By James Corbett
Last week in these pages we forecasted: that a pro-bailout party would win the Greek election; that the socialists would take a majority in the French elections; that Spain would require a significantly larger bailout to prop its banking sector up; and that the Fed would likely extend Operation Twist as a way of keeping everything moving along sideways. Check, check, check, and check. In most areas of life, 4 for 4 is something to be happy about, but when forecasting during the death throes of the global economic system as we've known it, getting things right is hardly cause for celebration.
Here's a prediction I'd like to see come true: the American public, finally realizing the extent of the depravity on Wall Street, will start to examine what really happened in the past five years. Following the trail of trillions in bailouts and stimulus funny money to the same groups of banksters and treasurers who created the housing crisis in the first place, the public will see through to completion the criminal investigations and prosecutions of the criminals behind the subprime loan fiasco, the too-big-to-failouts, the mortgagegate scandal, the quadrillion dollar derivative black hole, and all the other frauds that have been pulled on the people of the US and the world in general over the past five years. After which, the path will be clear to the discovery of the deeper truth behind the economic charade: the rigging of the markets via the President's Working Group on Financial Matters; the control of both political parties by the same banking factions; the funny money dollar propped up by nothing more than the promise of the labor (and taxes) of future generations. One can always dream...
By any reasonable standard we should already be well down the path to reaching that prediction. The latest outrage? A US Government Accountability Office audit showing how Fed board members funneled over $4 trillion in emergency Fed funding to their own banks and businesses at the height of the 2008 meltdown. The funds in question included near-zero interest rate loans as well as other financing, and went straight from the Fed's coffers to the likes of JP Morgan, Goldman Sachs and GE. The problem? JP Morgan's CEO, Jamie Dimon, was on the board of directors of the New York Fed when the Fed decided to use JP Morgan as a clearinghouse for emergency funds, granting it access to some $391 billion including $29 billion for the acquisition of Bear Stearns. Goldman Sachs board member Stephen Friedman was the chairman of the NY Fed even as the Fed granted Goldman bank holding company status and access to cheap Fed loans. Yet another NY Fed board member, Jeffrey Immelt, was coincidentally the CEO of General Electric at the same time that the Fed provided GE with $16 billion in emergency fund financing. Can we spell conflict of interest? Evidently the Senate can, as evidenced by the Federal Reserve Independence Act, which seeks to ban employees of Fed-regulated companies from sitting on the Fed's regional boards. All of this may sound hopeful, but given that this conflict of interest has been built into the Federal Reserve system since its inception 99 years ago, one wonders what's taken the Senate so long to get around to “correcting” it. That's a rhetorical question. Of course, no one will so much as lose their bonus over the whole affair because the public that should be outraged about this is busy with more important matters, like the NBA playoffs.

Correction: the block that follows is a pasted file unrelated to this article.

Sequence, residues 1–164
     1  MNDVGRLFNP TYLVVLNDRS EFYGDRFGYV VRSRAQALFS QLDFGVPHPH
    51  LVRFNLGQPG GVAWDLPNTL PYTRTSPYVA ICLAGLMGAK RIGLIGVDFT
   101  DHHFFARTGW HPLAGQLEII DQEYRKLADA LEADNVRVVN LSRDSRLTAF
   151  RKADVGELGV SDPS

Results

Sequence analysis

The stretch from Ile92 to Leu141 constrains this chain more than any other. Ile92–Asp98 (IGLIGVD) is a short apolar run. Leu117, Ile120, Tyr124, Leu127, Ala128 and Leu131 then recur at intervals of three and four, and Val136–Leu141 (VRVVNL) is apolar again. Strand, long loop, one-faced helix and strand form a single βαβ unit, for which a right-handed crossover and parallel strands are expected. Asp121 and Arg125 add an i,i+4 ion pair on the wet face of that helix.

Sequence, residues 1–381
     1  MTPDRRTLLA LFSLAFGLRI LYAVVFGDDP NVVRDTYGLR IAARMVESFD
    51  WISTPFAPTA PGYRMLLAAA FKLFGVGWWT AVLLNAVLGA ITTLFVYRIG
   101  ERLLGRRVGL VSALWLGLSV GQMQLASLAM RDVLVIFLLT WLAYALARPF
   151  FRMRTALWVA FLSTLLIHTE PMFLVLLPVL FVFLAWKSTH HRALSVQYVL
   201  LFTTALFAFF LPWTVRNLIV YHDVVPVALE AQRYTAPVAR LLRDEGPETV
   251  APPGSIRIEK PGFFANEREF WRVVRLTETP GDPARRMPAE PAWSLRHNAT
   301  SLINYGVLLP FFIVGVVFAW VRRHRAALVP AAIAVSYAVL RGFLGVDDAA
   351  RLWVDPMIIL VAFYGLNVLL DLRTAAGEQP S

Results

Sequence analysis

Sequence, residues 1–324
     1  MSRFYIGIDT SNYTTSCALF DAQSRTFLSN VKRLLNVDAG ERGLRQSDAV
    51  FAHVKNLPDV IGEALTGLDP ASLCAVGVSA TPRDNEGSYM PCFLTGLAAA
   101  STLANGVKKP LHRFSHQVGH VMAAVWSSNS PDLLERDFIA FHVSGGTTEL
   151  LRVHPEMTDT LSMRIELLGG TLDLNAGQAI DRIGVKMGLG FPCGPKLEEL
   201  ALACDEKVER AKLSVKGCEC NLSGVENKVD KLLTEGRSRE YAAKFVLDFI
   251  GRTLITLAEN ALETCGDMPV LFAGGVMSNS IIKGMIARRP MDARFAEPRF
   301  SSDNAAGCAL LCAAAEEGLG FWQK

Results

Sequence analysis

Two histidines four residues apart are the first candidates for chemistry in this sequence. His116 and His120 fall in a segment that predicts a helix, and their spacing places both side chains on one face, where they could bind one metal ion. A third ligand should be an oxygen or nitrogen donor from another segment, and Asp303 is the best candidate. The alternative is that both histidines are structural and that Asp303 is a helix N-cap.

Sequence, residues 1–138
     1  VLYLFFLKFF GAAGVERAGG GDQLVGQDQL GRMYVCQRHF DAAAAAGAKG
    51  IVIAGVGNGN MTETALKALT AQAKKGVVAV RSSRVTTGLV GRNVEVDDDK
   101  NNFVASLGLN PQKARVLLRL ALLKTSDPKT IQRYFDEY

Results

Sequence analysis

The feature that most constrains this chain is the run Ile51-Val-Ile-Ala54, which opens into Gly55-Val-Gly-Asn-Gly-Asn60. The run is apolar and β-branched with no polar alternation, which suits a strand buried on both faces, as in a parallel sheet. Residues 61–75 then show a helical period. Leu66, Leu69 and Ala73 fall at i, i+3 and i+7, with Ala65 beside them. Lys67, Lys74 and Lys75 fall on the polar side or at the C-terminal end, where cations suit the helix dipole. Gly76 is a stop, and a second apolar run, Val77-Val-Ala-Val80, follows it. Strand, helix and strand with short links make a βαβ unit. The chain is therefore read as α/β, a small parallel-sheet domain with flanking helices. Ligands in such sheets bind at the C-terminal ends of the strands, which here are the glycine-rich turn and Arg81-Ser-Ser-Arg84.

And so it is with so many of the scenes that have unfolded in Washington and on Wall Street since the Greenspan-spun housing bubble popped and the unraveling of the derivatives-fueled shadow economy began in earnest. The bankers help themselves to more and more of the trough on the taxpayers' dime and the public allows it to happen. With each iteration the lies become more brazen: the threats of martial law if the bailout didn't happen; the robosigning scandal; MF Global; the JP Morgan silver and gold futures manipulation; and now the conflict of interest scandal. The public, it seems, now fully recognizes that Congress intends to prosecute steroids in baseball much more aggressively than they will ever look into Wall Street malfeasance, and worse yet, they seem resigned to that fact. This is why it's so difficult to predict that the public will rise up and begin to demand accountability; it's difficult to imagine how much worse things have to get before people stand up to the bankers.
And yet, just because it's not happening doesn't mean it can't happen. Witness what's happening in Iceland. Earlier this month Iceland's Supreme Court handed down a four-and-a-half year sentence to Jon Thorsteinn Jonsson and Ragnar Zophonias Gudjonsson, two former executives at Iceland's Byr Savings Bank. In 2008, just before the bottom fell out of the Icelandic banking system, the pair used their positions to approve an 800 million kronur loan from Byr to Exeter Holdings ehf. That loan was used to buy out Jonsson and Gudjonsson's shares in Byr, which were then put up for sale as collateral to guarantee the loan itself. Now the pair are preparing to spend the next half a decade behind bars.